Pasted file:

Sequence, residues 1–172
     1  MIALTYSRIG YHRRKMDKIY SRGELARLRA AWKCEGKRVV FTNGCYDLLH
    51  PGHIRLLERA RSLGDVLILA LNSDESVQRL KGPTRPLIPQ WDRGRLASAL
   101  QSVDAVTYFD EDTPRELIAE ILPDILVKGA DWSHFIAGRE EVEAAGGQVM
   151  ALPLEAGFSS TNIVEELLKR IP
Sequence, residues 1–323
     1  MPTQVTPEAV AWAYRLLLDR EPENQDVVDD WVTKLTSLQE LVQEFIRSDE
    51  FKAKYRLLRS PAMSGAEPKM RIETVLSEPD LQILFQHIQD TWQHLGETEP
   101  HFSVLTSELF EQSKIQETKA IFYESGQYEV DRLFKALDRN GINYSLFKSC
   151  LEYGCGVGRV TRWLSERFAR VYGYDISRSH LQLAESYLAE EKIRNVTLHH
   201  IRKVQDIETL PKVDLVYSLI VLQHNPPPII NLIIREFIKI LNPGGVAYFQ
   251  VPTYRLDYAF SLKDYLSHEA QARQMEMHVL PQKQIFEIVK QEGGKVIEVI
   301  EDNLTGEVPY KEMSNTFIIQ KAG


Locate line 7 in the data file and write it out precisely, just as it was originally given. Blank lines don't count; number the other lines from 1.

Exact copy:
     1  MPTQVTPEAV AWAYRLLLDR EPENQDVVDD WVTKLTSLQE LVQEFIRSDE